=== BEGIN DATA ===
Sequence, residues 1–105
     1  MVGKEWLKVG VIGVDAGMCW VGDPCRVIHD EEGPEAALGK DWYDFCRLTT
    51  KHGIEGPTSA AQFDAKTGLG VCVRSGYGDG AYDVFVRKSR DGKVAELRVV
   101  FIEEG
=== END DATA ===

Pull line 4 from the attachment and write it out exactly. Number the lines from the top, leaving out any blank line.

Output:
   101  FIEEG